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Checkmated in chase

- Dhawan’s 115, Kohli’s 67 not enough; wagner takes 4/62
Shikhar Dhawan after his century, on Sunday

Auckland: India chased valiantly but still fell short by 40 runs in the first Test, against New Zealand, here, on Sunday.

It would have been a record run chase and India looked perfectly capable of achieving it before a lower middle-order collapse saw the visitors slump to a heartbreaking defeat.

Courtesy the thrilling win, New Zealand lead the two-match series 1-0.

Chasing 407 for victory, India resumed their second innings at 87 for one on the fourth day morning. After losing Cheteshwar Pujara early in the day, India looked well on course with Shikhar Dhawan (115) and Virat Kohli (67) sharing 126 runs for the third wicket. But New Zealand pacer Neil Wagner took four crucial wickets in the post-lunch session to derail India’s chase at the Eden Park, here.

After a series of low scores, Dhawan returned to form as he cracked a patient century and anchored the Indian innings along with Kohli, who too looked in good touch. Dhawan, of course, benefited from a couple of dropped chances.

But Wagner’s double blow left India tottering at 270 for five at Tea and it was left to captain Mahendra Singh Dhoni and Ravindra Jadeja to bail the team out. The duo launched a counterattack to leave the hosts dazed, but once they departed India failed to overhaul the target.

Wagner took the wickets of Dhawan, Kohli, Zaheer Khan (17) and Dhoni (39) to return with an eight-wicket haul from the match, while Tim Southee added three wickets to his three-wicket haul in the first innings.

Earlier, India started the day still in need of 320 runs and Dhawan and Pujara looked to provide them a solid start. Dhawan, however, had a shaky start as he survived a couple of LBW shouts.

New Zealand were bowling a nagging line and length, especially Southee. In the fifth over of the morning, Southee bowled a near-perfect delivery to Pujara who was forced to play at it, edging it to the ’keeper. Pujara made 23 (71 balls).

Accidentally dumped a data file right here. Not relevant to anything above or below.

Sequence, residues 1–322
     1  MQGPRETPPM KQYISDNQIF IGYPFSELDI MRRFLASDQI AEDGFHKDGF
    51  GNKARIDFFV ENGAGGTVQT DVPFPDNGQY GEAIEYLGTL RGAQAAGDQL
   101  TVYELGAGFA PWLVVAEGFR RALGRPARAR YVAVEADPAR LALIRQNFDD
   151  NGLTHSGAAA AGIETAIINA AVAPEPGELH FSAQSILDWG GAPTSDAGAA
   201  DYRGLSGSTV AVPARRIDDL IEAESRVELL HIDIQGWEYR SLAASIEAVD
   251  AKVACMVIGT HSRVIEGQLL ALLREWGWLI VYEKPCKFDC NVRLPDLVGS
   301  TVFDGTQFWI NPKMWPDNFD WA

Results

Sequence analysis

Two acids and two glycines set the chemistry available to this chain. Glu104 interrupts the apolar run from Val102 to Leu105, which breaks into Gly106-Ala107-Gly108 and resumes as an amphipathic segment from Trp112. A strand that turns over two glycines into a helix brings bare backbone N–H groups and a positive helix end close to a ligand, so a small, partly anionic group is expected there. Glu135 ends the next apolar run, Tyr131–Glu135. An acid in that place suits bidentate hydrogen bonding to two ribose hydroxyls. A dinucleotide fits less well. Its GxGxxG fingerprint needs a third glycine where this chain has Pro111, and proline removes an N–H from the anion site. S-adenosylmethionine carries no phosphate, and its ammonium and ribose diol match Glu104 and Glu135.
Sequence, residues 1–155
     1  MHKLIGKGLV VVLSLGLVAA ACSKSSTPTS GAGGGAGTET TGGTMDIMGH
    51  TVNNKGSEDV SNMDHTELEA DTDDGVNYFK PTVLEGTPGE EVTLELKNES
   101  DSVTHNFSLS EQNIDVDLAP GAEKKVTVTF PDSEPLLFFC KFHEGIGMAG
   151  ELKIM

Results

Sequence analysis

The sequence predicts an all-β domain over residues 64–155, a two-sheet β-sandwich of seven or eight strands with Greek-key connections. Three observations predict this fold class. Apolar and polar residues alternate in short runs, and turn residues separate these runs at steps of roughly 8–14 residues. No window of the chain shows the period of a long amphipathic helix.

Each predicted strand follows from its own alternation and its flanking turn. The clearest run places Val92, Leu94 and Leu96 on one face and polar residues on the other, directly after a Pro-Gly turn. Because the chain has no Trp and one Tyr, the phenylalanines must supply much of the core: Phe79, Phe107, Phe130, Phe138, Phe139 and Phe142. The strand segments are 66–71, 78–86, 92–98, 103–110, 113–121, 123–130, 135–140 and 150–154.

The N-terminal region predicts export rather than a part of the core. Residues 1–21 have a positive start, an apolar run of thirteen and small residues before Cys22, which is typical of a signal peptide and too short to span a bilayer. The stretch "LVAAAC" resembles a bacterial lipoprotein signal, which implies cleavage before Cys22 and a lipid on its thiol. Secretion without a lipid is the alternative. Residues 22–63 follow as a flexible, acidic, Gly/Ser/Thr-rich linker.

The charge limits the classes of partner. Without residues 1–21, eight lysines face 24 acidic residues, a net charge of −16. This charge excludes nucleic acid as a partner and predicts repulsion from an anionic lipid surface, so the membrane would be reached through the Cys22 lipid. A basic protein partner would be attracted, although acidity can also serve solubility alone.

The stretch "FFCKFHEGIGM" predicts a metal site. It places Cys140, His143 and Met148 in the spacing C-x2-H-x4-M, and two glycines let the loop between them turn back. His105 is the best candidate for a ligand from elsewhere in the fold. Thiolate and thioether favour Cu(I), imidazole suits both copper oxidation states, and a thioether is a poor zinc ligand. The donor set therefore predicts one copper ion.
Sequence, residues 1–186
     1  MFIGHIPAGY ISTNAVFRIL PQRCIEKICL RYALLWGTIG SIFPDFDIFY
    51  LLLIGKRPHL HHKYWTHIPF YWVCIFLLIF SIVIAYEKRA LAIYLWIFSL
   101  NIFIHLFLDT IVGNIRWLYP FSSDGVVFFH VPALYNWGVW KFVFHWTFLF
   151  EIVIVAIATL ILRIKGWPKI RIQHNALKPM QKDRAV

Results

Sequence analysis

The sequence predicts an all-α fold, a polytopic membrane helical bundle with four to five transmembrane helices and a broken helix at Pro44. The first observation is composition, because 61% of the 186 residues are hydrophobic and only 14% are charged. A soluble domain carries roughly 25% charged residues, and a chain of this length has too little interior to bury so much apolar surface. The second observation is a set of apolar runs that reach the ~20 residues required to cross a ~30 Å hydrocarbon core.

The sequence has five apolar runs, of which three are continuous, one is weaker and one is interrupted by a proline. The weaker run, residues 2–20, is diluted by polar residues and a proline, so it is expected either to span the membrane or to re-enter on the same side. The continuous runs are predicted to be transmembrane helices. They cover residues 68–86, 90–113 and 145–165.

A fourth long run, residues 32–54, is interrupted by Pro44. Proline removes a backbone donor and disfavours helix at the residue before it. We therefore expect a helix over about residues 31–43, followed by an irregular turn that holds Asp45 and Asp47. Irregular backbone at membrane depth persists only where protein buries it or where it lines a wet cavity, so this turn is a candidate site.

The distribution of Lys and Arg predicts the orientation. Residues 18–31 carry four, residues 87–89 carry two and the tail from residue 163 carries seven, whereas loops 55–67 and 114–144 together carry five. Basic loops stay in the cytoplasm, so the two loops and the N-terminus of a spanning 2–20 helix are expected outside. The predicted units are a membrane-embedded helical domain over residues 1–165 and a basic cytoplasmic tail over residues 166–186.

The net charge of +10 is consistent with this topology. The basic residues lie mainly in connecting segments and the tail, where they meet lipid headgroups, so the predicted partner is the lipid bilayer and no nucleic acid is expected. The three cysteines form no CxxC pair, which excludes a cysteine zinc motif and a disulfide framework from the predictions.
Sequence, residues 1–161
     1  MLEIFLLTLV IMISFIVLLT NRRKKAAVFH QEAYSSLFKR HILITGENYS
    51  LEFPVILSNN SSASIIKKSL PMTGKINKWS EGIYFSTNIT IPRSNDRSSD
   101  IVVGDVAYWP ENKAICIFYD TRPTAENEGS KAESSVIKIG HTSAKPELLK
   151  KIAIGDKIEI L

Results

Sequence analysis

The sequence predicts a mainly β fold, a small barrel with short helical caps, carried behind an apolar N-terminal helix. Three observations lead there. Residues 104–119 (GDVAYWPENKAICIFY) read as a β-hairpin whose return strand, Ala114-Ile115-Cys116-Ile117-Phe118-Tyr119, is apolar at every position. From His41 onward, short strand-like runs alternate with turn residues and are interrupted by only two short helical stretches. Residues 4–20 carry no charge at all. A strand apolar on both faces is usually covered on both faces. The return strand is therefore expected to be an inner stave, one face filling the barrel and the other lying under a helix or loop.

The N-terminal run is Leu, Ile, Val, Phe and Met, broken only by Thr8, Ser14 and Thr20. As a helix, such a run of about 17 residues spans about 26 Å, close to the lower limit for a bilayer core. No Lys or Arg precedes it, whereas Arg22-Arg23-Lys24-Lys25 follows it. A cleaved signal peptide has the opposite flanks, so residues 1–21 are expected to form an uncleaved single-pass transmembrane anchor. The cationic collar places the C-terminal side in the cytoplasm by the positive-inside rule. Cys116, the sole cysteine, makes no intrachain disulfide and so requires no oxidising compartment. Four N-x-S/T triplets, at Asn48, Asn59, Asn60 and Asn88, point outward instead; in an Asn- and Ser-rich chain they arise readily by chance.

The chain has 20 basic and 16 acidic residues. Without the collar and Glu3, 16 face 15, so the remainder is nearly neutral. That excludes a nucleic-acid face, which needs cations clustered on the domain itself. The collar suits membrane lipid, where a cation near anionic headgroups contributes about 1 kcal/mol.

Kohli then came out to bat and patiently saw off Southee’s impressive spell (6-3-4-1) along with Dhawan. Both mixed caution with aggression.

Dhawan and Kohli set the foundation for the chase but once they were gone, none of the Indian batsman lasted long enough to achieve the target.

New Zealand made a cracking start to the post-tea session dismissing Rohit Sharma (19) off the first delivery. He was caught behind off a perfect out-swinger from Southee.

Dhoni and Jadeja were at the crease and India still needed 137 runs for victory. Faced with the new ball, the duo went on a counter-attack. After Rohit’s dismissal, the first five overs cost 45 runs as the two batsmen smacked quite a few boundaries.

In all they added 54 runs in just 5.4 overs, with Jadeja being the more aggressive of the two. The all-rounder hit 26 off 21 balls, with four fours and a six. Their 50-run partnership came off only 33 balls.

When Jadeja was dismissed, caught at mid-on off Boult, India still needed 83 runs.

Zaheer soaked up a lot of pressure for 32 balls scoring 17 runs as Dhoni farmed the strike. Together they added 25 crucial runs, as the chase got more intense. But Wagner had Zaheer caught at slip to put an end to the partnership.

At eight down, it was up to Dhoni to get his side across the finishing line. But he perished when he played one on to the stumps chasing a short and wide one from Wagner.

That virtually ended India’s challenge. Boult wrapped up the Indian innings as he took Ishant Sharma’s (4) wicket.

If one wishes to be critical, despite the brave attempt by the Indians, one has to say that a little more patience by the lower-middle order might have helped.

The likes of Dhoni and Jadeja were very aggressive . While Dhoni’s 39 came off 41 balls, Jadeja’s 26 was scored off just 21 balls. Though Rahane fell to a dubious decision, he too was quite attacking (18 off 21 balls).

Counterattack might have been their strategy, but because it was a Test match, one wonders if a little more caution could have helped win the match.